types of cells: cardiac pacemaker cells, specialized conduction tissue, and the
heart muscle itself. The surface electrocardiogram (ECG), however, only
records the depolarization and repolarization potentials generated by the
“working” atrial and ventricular myocardial fibers.
The depolarization stimulus for the heartbeat normally begins in the sinoatrial
(SA) or sinus node, a collection of pacemaker cells with spontaneous
automaticity (figure 1) (see “Normal sinus rhythm and sinus arrhythmia”,
section on ‘Anatomy’). The initial phase of cardiac electrical activation consists
of the spread of the depolarization wave through the right and left atria,
resulting in atrial contraction. As the impulse reaches the base of the intraatrial
septum, it also stimulates pacemaker and specialized conduction tissues in the
atrioventricular (AV) nodal and His-bundle areas. Together, these two regions
constitute the AV junction.
The bundle of His splits into two main branches: the right and the left bundles.
The main left bundle bifurcates into two primary subdivisions: a left anterior
fascicle; and a left posterior fascicle. The bundle branches and fascicles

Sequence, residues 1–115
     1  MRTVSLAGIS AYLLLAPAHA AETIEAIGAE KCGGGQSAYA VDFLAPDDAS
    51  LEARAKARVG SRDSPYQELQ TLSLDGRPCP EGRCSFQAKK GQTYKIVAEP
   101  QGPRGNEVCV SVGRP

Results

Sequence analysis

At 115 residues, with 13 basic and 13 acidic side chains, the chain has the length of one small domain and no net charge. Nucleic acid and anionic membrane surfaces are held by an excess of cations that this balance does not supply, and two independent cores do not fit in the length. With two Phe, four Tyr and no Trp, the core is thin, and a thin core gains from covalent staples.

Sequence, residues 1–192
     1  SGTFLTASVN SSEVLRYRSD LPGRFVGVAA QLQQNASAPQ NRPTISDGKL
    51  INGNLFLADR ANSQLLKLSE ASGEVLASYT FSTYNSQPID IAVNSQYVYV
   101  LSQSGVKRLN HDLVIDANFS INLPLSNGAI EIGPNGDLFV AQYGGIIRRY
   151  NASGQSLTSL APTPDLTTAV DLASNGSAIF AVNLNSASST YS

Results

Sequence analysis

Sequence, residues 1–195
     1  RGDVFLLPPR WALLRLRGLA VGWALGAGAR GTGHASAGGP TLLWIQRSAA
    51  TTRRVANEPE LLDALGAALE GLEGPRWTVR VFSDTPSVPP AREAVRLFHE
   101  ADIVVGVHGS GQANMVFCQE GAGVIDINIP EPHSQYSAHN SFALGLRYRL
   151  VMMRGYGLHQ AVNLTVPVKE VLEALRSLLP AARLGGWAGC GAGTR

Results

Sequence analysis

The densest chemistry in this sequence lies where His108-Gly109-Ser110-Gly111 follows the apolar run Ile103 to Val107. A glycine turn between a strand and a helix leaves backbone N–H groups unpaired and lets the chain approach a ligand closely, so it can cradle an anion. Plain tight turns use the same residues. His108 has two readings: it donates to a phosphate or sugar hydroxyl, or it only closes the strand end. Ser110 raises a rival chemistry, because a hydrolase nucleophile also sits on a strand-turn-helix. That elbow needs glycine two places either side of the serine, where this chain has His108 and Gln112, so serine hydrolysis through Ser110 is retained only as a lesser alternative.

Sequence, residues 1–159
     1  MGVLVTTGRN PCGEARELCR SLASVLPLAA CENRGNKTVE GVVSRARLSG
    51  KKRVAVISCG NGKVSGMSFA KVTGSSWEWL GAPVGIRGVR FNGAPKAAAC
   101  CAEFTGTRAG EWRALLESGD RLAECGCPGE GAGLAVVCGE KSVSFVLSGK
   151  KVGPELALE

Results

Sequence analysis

rapidly transmit depolarization wavefronts to the myocardium by way of
Purkinje fibers that penetrate the ventricular walls to excite the working
ventricular myocardial cells. The depolarization wavefronts spread through the
ventricular wall, from endocardium (inner layer) to epicardium (outer layer),
triggering intracellular calcium release and myofilament contraction
(electromechanical coupling).
Electrodes are the sites at which an electrical potential is measured, while
electrocardiogram (ECG) leads record the difference in potentials between two
Electrodes — Standard surface electrodes (right and left arm, right and left
leg, and the six precordial electrodes) measure the electrical potential at a site.
In addition, a reference site, the central terminal of Wilson, is calculated from
the average voltage of the limb leads. This idealized site is meant to represent
a reference at the center of Einthoven’s triangle where total current is zero.
The central terminal is referred to as the reference or indifferent electrode.
Unipolar ECG leads are derived from the difference between the measured
voltage at a surface electrode and the calculated voltage at this central
reference point.
ECG leads — The 12 conventional ECG leads record differences in electrical
potentials, either between two surface electrodes (bipolar leads), or between a
surface electrode and the central terminal of Wilson (unipolar leads).